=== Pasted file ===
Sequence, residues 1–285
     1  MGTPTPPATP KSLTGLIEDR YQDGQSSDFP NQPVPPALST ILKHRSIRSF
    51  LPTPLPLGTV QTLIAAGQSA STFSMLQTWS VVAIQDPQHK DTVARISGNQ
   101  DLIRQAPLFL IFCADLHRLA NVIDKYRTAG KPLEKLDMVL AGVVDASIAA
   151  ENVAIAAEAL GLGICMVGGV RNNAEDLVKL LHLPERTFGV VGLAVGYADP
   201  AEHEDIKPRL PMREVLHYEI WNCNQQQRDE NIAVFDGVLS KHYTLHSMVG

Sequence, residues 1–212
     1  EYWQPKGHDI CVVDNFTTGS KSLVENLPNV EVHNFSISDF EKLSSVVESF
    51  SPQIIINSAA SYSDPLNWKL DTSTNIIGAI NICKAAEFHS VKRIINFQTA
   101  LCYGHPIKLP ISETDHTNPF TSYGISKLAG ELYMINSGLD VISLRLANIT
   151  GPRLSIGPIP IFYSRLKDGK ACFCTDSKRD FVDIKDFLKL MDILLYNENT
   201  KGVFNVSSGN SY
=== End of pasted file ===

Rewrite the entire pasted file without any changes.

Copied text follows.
Sequence, residues 1–285
     1  MGTPTPPATP KSLTGLIEDR YQDGQSSDFP NQPVPPALST ILKHRSIRSF
    51  LPTPLPLGTV QTLIAAGQSA STFSMLQTWS VVAIQDPQHK DTVARISGNQ
   101  DLIRQAPLFL IFCADLHRLA NVIDKYRTAG KPLEKLDMVL AGVVDASIAA
   151  ENVAIAAEAL GLGICMVGGV RNNAEDLVKL LHLPERTFGV VGLAVGYADP
   201  AEHEDIKPRL PMREVLHYEI WNCNQQQRDE NIAVFDGVLS KHYTLHSMVG

Sequence, residues 1–212
     1  EYWQPKGHDI CVVDNFTTGS KSLVENLPNV EVHNFSISDF EKLSSVVESF
    51  SPQIIINSAA SYSDPLNWKL DTSTNIIGAI NICKAAEFHS VKRIINFQTA
   101  LCYGHPIKLP ISETDHTNPF TSYGISKLAG ELYMINSGLD VISLRLANIT
   151  GPRLSIGPIP IFYSRLKDGK ACFCTDSKRD FVDIKDFLKL MDILLYNENT
   201  KGVFNVSSGN SY